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A Whiter Shade of Mercury
Credit: NASA/Johns Hopkins University Applied Physics Laboratory/Carnegie Institution of Washington
Monday, Dec. 9, 2013: MESSENGER spacecraft obtained this image of Mercury’s surface showing a high-reflectance area seemingly confined to a region of lower elevation bounded by linear scarp (cliff) segments. Such diffuse bright areas sometimes relate to the deposition of small secondary craters and ray segments by a relatively recent impact crater. However, regional images show no rayed craters in the immediate vicinity (except Han Kan). So a compositional difference might account for the difference in the albedo (brightness) of the material in the low-lying area. Are the scarps the result of vertical movement along faults, or were they formed by secondary crater chains? Researchers also have yet to explain the hollows on the central peak of the crater at upper left, and the smooth impact melt on the floor of the terrace-walled crater just below center.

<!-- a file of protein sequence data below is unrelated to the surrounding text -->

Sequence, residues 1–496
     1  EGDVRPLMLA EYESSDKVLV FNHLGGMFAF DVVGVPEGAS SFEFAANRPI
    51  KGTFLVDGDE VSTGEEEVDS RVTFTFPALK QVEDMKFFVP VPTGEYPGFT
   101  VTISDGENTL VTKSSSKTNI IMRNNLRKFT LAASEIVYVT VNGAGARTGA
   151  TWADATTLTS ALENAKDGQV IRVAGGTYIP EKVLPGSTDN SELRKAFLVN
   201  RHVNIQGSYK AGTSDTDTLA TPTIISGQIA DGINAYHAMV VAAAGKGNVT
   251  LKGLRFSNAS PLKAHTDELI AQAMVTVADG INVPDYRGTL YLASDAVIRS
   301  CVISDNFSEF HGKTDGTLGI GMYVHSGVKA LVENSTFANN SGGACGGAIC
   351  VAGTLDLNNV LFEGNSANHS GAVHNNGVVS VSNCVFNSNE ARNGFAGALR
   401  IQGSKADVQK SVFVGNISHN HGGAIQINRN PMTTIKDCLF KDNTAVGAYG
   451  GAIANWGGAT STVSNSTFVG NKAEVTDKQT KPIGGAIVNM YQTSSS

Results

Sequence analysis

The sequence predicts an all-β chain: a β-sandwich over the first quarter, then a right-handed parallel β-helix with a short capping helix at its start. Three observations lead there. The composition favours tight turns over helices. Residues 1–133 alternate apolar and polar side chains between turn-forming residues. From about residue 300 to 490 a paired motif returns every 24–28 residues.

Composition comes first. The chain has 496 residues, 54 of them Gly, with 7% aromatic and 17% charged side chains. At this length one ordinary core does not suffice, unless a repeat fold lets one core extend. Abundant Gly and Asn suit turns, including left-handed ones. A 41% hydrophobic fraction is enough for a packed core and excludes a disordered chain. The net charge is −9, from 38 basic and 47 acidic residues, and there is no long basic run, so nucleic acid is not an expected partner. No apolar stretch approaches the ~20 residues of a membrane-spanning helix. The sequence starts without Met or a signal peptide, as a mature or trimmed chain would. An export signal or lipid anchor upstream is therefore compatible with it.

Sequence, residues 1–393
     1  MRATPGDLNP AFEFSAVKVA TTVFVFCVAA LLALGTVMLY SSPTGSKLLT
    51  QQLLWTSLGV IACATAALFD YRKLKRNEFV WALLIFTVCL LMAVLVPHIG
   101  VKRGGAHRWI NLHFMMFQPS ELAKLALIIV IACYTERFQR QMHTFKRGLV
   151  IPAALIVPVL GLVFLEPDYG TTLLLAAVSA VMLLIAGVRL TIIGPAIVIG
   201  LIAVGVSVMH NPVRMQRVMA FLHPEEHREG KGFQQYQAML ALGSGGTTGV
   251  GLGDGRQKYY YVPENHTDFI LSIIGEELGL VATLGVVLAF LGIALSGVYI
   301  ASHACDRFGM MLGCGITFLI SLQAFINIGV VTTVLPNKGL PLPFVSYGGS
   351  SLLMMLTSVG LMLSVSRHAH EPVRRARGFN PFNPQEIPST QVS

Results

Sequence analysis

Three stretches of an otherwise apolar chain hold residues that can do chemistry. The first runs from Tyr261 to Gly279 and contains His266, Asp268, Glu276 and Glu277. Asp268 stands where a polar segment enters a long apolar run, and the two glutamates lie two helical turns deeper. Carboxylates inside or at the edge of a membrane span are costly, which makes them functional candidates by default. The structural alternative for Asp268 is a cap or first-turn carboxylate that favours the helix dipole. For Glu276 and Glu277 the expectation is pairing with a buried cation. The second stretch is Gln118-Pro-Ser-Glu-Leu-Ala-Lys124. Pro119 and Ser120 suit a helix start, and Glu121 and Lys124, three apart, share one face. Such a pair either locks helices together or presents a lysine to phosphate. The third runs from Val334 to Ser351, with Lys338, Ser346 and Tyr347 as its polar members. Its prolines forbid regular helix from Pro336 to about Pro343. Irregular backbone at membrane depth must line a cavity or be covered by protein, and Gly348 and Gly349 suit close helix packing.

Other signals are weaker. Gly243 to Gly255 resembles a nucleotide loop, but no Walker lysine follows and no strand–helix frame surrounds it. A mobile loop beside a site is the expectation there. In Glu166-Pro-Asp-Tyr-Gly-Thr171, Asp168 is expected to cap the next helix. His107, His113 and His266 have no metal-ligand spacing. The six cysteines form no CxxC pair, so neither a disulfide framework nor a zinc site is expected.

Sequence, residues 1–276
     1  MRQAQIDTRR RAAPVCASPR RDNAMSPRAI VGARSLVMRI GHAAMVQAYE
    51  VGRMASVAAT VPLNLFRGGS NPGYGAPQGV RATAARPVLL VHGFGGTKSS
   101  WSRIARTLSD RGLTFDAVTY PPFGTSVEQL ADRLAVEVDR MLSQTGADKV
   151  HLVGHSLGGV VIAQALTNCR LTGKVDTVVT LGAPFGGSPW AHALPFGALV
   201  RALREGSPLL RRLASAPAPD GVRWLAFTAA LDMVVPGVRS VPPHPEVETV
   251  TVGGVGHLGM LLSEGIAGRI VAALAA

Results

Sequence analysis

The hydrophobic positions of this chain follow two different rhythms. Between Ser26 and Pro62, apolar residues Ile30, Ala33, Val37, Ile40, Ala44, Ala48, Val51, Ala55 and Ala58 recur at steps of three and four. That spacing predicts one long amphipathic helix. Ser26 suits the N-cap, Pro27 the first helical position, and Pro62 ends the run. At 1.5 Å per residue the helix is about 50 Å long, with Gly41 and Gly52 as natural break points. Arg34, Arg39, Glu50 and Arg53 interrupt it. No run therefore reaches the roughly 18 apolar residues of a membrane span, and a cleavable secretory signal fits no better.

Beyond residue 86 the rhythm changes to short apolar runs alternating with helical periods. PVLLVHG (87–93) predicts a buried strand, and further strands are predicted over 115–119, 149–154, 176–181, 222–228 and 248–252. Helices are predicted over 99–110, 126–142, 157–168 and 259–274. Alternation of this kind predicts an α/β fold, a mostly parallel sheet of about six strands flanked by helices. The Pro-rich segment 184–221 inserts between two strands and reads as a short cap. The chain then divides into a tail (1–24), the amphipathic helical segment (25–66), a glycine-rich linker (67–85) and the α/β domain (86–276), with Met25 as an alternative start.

— Tom Chao
— Tom Chao